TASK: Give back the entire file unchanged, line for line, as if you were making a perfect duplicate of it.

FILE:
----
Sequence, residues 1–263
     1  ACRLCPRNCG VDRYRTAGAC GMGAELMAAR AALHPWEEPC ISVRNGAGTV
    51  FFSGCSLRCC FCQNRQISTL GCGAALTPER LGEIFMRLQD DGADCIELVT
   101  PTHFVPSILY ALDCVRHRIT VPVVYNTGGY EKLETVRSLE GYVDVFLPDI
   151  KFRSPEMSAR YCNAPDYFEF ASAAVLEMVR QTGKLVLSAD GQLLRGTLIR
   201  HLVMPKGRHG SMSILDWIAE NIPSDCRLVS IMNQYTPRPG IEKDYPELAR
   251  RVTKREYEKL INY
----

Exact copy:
Sequence, residues 1–263
     1  ACRLCPRNCG VDRYRTAGAC GMGAELMAAR AALHPWEEPC ISVRNGAGTV
    51  FFSGCSLRCC FCQNRQISTL GCGAALTPER LGEIFMRLQD DGADCIELVT
   101  PTHFVPSILY ALDCVRHRIT VPVVYNTGGY EKLETVRSLE GYVDVFLPDI
   151  KFRSPEMSAR YCNAPDYFEF ASAAVLEMVR QTGKLVLSAD GQLLRGTLIR
   201  HLVMPKGRHG SMSILDWIAE NIPSDCRLVS IMNQYTPRPG IEKDYPELAR
   251  RVTKREYEKL INY